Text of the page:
Full programme details have been revealed for the 7th Irish Film Festival London (29 Nov-3 Dec.)
The festival, which give a London showcase to the best Irish mainstream and independent films, opens with Nick Kelly’s The Drummer And The Keeper.
The film chronicles an unlikely friendship between the bipolar drummer of a rock band and an institutionalised teen suffering from Asperger’s syndrome.
Closing the festival is Emer Reynolds’ feature doc, The Farthest, which tells the story of NASA’s Voyager space programme and the men and women behind it.
IFFL 2017 is placing a special focus on women filmmakers, with four of Ireland’s leading female directors engaged in screenings and discussions.
The Breadwinner (directed by Nora Twomey and executive produced by Angelina Jolie) and The Farthest are both being screened at the festival with Q&As.
Aisling Walsh (Maudie) will be part of the Female Focus Forum panel discussion along with Celine Haddad (Irish Film Board), Roisin Geraghty (GAZE), Aoife McCardle (Kissing Candice) and Anne Marie Naughton (Women in Film and Television Ireland).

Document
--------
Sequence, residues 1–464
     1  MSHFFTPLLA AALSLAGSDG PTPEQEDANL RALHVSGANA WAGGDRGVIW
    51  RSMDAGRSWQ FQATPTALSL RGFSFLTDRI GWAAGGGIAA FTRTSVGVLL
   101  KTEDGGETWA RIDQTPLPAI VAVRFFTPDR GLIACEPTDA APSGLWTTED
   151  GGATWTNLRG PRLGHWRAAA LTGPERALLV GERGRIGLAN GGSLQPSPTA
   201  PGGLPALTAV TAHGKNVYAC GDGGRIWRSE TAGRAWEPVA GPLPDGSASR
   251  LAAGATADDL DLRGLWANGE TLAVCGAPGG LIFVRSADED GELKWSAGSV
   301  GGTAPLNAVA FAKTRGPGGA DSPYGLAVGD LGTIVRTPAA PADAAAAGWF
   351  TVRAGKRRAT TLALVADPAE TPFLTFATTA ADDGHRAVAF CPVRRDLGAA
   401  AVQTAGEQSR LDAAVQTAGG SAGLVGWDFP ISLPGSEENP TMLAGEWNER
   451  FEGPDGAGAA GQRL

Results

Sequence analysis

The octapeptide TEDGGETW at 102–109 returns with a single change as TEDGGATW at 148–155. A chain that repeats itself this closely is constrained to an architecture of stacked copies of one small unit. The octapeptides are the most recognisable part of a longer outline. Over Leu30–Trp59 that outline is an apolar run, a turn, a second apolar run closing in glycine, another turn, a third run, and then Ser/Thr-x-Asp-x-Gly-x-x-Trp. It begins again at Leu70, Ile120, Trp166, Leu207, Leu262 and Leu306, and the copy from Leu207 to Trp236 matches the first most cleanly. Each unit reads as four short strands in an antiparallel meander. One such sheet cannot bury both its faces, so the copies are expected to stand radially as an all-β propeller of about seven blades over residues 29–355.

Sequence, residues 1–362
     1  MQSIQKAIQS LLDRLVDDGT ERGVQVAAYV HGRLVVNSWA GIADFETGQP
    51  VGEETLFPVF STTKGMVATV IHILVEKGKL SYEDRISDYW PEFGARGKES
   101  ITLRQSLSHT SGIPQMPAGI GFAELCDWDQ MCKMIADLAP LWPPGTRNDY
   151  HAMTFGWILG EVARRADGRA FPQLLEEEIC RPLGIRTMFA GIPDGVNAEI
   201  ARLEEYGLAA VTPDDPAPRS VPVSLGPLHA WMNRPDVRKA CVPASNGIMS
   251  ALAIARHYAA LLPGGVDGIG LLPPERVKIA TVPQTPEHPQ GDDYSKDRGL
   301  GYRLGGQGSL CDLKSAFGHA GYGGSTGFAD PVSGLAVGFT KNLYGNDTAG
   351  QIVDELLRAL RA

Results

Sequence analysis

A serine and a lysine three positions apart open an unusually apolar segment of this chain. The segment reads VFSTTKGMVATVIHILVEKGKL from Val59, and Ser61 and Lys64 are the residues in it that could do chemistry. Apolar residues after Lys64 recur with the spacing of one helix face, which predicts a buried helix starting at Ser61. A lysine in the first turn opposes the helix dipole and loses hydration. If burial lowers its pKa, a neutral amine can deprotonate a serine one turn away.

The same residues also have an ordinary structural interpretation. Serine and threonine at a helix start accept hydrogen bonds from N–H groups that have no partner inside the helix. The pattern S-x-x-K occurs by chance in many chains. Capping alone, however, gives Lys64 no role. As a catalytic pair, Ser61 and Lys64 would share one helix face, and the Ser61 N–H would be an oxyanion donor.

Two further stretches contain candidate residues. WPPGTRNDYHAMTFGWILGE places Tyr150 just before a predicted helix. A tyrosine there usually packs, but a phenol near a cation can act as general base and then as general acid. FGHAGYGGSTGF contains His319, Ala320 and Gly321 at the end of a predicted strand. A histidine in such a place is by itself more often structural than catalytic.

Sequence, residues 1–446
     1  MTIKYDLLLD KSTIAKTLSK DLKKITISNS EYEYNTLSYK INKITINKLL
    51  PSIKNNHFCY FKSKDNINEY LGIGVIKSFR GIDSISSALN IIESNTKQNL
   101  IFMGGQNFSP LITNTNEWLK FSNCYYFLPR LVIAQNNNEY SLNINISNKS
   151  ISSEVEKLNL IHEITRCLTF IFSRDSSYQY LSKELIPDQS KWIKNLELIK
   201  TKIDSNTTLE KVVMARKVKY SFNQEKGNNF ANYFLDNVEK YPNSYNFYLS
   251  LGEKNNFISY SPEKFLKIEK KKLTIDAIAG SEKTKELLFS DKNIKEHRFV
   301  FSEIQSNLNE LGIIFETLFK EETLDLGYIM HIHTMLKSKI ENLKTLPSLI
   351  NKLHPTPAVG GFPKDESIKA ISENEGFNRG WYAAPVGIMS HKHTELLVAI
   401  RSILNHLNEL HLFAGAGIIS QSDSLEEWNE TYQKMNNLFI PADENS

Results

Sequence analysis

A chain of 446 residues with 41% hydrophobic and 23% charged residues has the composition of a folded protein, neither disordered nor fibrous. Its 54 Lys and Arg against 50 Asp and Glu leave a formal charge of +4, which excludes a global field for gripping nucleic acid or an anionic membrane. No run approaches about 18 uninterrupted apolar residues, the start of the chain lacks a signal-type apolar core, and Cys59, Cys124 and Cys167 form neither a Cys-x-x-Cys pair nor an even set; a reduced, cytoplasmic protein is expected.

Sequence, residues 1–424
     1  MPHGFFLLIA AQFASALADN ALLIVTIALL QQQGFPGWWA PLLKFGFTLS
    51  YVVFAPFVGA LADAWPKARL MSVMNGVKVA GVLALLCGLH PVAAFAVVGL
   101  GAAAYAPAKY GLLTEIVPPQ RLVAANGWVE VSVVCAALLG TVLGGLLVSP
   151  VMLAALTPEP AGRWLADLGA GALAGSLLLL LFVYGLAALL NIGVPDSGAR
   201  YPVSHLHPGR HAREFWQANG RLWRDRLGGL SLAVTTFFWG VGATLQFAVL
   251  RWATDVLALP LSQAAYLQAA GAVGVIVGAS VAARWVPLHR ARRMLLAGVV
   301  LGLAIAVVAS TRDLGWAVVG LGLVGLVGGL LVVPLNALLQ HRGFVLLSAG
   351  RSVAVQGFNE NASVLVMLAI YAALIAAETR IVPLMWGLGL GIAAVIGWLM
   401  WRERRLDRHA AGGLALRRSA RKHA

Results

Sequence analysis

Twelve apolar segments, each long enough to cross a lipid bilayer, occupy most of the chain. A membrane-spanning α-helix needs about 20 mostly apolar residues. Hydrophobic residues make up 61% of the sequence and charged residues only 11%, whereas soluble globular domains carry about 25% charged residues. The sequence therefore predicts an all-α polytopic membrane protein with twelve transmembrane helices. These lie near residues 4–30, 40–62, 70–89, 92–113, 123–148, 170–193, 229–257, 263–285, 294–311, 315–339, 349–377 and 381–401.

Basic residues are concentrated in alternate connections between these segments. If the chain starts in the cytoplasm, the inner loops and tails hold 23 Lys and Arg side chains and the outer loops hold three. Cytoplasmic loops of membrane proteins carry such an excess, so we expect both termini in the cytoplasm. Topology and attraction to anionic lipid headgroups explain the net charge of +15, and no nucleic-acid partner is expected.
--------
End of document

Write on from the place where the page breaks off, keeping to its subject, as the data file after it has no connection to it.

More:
Another of the festival’s panel discussions will focus on Irish Screen Industries, the UK and Brexit. Speakers from Ireland, mainland Europe and the UK will ponder what ramifications Brexit might have on the Irish film and TV industries.
Among other films screening is Maze by Stephen Burke, which is inspired by the true events of the infamous 1983 prison breakout of 38 IRA prisoners from HMP, which was to become the biggest prison escape in Europe since World War 2.
Also being shown is Pat Collins’ acclaimed Song of Granite, which brings the story of legendary sean-nós singer Joe Heaney to the screen.
Jim Sheridan’s recent feature The Secret Scripture, starring Rooney Mara, Jack Reynor, Aidan Turner, Vanessa Redgrave and Pauline McLynn is in the programme as is In The Name Of Peace: John Hume in America, Maurice Fitzpatrick’s documentary about politician John Hume who won the Nobel Prize for Peace in 1998 as well as the Martin Luther King Award and the Gandhi Peace Prize. The film features interviews with presidents Bill Clinton and Jimmy Carter, as well as Irish leaders, U2’s Bono and Prime Ministers John Major and Tony Blair.
The main festival hub will be the Regent Street Cinema.
“We are delighted to be bringing another monster batch of Irish films to London for the festival. We had a lot of fun selecting the line-up this year. There was a marvellously rich source to draw from and we were spoilt for choice,” festival director Kelly O’Connor commented of this year’s programme.
For more more information go to the festival’s official site.